Welcome to my world and beyond...

A collection of snippets of the books I write and, occasionally, my life and the things that inspire my writing...

Sunday, April 1, 2012

A to Z: Art...For the Sake of Art.

Art for the sake of art.  It popped up this week.

 Once, in a conversation after seeing the movie, "The Hunger Games."  Someone mentioned to me that there are angry book fans raising a ruckus about the casting.  I am not getting into politics. Just wondering about what happens when we become art critics?

What little switch in our minds, gets flipped?  When we become critics, does it remove the sense of pure joy of viewing art?  At experiencing art?  I know that when I am critiquing writing, I step back and disengage the part of my brain that is given to pleasure, laughter, and fun.

I am not alone; humans are like that. When we becomes critics, we become business people. We flip switches in our brains, becoming judgmental, analytical even...  "Just the facts, ma'am..."   We thrust ourselves toward a place of understanding.  But this type of understanding lacks philosophical leanings.


I thought that the movie was good. The sense of story was excellent.  It was all Hollywood, of course.  But, I didn't pay to see a movie filmed by a group of locals from Mainstreet, Podunk, USA.    Hollywood is over the top, big-budget, selling a vision of a book-- to people who don't read, along with the readers.  The readers, the purists whose first view of the story was in their heads-- painted there by the words of the author.  And...as often is the case for us readers, it is vastly different than the view Hollywood paints.  Each are lovely, in their own place.

At work, the Hunger Games art-dissection popped up again.  I had to chuckle when a friend,Carla, said, "It's art. Stop picking it apart."  Which reminded  me of one of the clearest lessons I was ever given about art.

I wasn't in school yet.  In the bedroom I shared with seven siblings, there were two pieces of "art" hanging on the walls.  One, an old print of a river scene.  Nothing about it was odd--a canoe, water, reflections. Everything was in  its place and as it should have been.

The other?  Well now...that was a different story.  There was a Pixie...I assumed it was a girl. In retrospect, perhaps it wasn't, but that was not my concern.  What bothered me, ceaselessly, was that her green stockings turned into green shoes with curled toes.  There was no defining line between the two. Were they leotards? Did she not have shoes on? How could the leotards have curled tips?  Why doesn't she wear shoes? Why, if they are green socks, do they not go up to her skirt?

After relentlessly badgering my older sisters about it (I think since I was old enough to ask questions) , one day--and one question too many, one of them--a teenager then, said, "It's art. Just shut up and enjoy it."

Ha!  There you have it. Art...for the sake of art.

25 comments:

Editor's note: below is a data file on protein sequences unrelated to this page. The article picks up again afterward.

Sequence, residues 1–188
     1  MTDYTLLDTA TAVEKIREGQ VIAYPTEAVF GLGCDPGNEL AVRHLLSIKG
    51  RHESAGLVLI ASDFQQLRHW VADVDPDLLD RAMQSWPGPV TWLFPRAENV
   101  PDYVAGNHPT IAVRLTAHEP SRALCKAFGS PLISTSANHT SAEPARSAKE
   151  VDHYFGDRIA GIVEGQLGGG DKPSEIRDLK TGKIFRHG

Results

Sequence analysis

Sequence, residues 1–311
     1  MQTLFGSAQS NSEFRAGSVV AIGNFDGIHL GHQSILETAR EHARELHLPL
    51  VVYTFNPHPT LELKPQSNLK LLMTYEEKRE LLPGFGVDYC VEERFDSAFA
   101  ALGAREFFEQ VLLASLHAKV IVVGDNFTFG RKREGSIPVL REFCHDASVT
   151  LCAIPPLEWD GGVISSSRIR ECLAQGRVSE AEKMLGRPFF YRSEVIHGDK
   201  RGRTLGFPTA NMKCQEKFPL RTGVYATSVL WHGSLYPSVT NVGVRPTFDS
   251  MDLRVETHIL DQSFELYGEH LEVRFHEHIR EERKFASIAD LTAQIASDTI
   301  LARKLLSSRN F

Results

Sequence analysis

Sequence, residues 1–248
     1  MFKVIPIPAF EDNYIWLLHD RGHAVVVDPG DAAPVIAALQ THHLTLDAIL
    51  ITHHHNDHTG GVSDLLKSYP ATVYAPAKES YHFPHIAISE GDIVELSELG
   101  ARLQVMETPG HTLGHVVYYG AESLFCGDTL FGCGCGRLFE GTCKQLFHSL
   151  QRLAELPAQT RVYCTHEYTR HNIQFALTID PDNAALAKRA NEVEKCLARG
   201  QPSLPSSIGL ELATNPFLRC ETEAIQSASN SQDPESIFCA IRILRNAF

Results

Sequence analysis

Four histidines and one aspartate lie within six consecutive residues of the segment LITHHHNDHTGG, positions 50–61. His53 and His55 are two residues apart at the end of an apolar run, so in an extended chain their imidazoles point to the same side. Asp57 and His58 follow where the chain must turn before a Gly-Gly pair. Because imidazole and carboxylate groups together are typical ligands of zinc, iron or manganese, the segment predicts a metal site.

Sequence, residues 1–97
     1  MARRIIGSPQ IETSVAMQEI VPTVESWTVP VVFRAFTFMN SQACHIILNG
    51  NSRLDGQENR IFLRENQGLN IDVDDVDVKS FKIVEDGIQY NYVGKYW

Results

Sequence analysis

1. To the point and well said. I agree with your teen sibling. Nice write.

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    1. Thanks! I just visited your blog--loved the excerpt. Letter "A" run and done... :-)

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  2. Thought-provoking. There must be something terribly strange about me in that I can enjoy and analyze things at the same time. Maybe I enjoy analyzing?

    Sometimes you do need to stop thinking and just appreciate things for the mere fact that they exist.

    Great post, Teresa.

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    1. Hi Kate, Lol...I don't know about "strange", but I am envious of you! Thank you for visiting! See you on the #sixsunday :-)

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  3. Well done. Few people, except for artists of all media, understand the effort and personal risk in creating a piece of art. Feather

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    1. Hi Feather, very thoughtful comment. And very true. We do risk much...often baring our souls with the things we share. Thanks for visiting. Good luck on the A to Z! On my way to check out your blog :-)

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  4. LOL. Best line I've ever heard about art. "It's art, shut up and enjoy it." Love it, Teresa! Perfect. And I loved The Hunger Games, too. No movie will be just like the book, but I thought this one was close enough. And I balled my eyes out twice (when Kat volunteers to take her sister's place and with Rue). If a movie affects you like that, it's gotta be good. :)

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    1. Hi Joya, Thank you for visiting, reading, and commenting. Lol...Oh, Carla, a kind person she is, and quite practical. It just made me chuckle at how she said what so many of us thought!

      I cried, too. Your words here: "If a movie affects you like that, it's gotta be good. " So very true. That we all could create art in any form that affects a reader, listener, viewer, or observer so deeply--that is true success. :-)

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  5. Too many people over-analyze everything. And complain about the meaning or the actor. Just enjoy. That is what it's supposed to be about.

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  6. Visiting from the A-Z challenge! I'm smiling and LOL. best - Joe

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    1. Thank you for visiting, Joe. Quite a compliment--making a reader smile. Thank you!